By, Rita Dillon, CFP
On any given day, which way the market is headed is anybody’s guess. Historically, equity markets have gone up over the long term. Since 1956, the Toronto Stock Exchange Total Return Index for the top 300 stocks, which includes reinvested distributions, has increased 81-fold.
But markets don’t go up in a straight line. Canadian market watchers have seen a number of dips, troughs and corrections over the years both domestically and internationally. There have been worries, about inflation, worries about deflation and more than a few currency meltdowns – Mexican, Brazilian, Asian and Russian. There have been repeated commodity slumps and sell-offs. These downturns were often temporary, although some have been protracted.
Volatility is inescapable in the short term and can spell doom for the short-term investor. For example, at the time of the Quebec referendum in 1995, Canadian stocks took a nasty tumble before reaching an all-time high just two months later in December.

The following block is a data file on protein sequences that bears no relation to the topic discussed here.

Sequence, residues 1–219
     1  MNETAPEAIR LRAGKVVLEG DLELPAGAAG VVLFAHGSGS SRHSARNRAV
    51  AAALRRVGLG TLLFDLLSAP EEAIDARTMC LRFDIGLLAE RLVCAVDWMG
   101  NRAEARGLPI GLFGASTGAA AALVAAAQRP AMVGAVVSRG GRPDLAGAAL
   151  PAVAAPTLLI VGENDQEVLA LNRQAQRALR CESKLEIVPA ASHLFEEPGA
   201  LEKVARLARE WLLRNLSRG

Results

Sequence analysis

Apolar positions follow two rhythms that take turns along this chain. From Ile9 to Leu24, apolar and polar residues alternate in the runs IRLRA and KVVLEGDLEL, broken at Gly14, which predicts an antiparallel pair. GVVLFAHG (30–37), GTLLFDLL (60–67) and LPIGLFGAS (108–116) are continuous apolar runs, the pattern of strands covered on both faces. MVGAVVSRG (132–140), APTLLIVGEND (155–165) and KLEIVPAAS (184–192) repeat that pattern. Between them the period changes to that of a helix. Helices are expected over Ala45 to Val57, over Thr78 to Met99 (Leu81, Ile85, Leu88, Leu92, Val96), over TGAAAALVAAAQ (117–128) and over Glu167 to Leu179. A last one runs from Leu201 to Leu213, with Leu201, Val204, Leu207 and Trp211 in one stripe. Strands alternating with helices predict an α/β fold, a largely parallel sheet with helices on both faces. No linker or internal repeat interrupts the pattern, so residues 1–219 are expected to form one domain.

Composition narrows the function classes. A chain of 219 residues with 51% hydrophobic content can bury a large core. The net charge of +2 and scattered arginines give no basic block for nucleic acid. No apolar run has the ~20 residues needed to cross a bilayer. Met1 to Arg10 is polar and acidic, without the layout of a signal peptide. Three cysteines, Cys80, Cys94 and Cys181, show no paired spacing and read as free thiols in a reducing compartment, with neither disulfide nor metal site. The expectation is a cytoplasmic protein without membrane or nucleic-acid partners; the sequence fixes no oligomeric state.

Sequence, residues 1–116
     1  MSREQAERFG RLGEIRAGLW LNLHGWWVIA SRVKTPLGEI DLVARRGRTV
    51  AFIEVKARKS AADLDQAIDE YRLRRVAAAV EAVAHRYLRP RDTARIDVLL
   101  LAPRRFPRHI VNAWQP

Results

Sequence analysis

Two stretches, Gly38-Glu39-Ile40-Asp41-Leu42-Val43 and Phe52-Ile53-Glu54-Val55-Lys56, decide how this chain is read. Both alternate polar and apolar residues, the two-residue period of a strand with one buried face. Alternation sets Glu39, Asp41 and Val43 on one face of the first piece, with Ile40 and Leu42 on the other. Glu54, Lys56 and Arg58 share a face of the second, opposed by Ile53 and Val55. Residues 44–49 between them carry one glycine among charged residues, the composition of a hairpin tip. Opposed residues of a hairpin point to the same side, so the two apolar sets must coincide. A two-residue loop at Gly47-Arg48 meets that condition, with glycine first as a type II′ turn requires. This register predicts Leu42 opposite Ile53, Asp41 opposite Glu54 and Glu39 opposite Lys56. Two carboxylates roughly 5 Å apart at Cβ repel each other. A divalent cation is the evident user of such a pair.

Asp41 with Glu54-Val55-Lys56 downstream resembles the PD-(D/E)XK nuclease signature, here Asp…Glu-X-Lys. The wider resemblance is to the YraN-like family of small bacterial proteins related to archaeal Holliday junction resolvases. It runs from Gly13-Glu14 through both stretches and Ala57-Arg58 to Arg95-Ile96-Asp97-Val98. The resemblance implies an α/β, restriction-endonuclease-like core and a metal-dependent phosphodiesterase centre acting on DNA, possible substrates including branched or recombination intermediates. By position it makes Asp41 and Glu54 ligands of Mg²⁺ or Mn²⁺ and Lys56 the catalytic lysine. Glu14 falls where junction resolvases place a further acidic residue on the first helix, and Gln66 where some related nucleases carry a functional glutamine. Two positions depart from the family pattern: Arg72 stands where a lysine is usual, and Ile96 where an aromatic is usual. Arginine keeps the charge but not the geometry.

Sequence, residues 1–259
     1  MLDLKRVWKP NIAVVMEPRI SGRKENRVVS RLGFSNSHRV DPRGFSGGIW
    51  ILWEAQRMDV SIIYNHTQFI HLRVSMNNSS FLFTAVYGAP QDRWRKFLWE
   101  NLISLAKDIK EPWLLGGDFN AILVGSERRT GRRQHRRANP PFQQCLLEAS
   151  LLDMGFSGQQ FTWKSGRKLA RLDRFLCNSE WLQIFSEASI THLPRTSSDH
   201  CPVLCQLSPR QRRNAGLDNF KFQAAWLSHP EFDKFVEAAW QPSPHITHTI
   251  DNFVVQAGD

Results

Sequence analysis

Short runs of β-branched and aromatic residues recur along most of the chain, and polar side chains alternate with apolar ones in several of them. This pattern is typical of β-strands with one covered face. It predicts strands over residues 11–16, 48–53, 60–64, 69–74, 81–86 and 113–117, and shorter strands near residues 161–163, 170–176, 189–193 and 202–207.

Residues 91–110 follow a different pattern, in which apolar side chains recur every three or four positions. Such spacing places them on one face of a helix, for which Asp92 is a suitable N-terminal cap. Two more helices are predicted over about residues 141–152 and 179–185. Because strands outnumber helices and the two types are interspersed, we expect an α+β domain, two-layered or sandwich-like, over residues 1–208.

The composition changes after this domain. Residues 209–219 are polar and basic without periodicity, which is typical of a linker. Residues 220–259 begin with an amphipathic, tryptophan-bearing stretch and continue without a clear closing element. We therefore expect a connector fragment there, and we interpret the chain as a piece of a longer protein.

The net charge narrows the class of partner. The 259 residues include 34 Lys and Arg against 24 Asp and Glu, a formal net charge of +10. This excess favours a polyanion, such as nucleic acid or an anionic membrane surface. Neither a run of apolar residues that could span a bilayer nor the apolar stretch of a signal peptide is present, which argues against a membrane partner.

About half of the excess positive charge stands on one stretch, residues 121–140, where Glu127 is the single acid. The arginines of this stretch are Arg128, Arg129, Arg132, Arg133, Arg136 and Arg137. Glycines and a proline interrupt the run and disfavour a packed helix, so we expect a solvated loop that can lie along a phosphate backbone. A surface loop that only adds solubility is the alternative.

Tumultuous markets will always make you feel anxious. Anxiety often leads to the temptation to get out while the market is falling, and perhaps jump back in when things are safe again. The problem with that tactic is that it causes you to buy investments when their prices are high or at their peak, and sell them when the price declines, inevitably causing you to lose money. In fact, excessive portfolio turnover combined with a propensity to buy relatively overvalued investments and ignore relatively undervalued ones has caused the average mutual fund investor to underperform over the past decade. (Phoenix Investment Partners Study, December 2000).
Experiencing market volatility is the short-term price of garnering superior long-term potential returns on equity mutual funds. The key to success in earning superior returns is not to lose sight of your long-term goals, remember that equity markets do go up over the long term and employ an effective asset allocation strategy when you and your investment advisor build and manage your portfolio.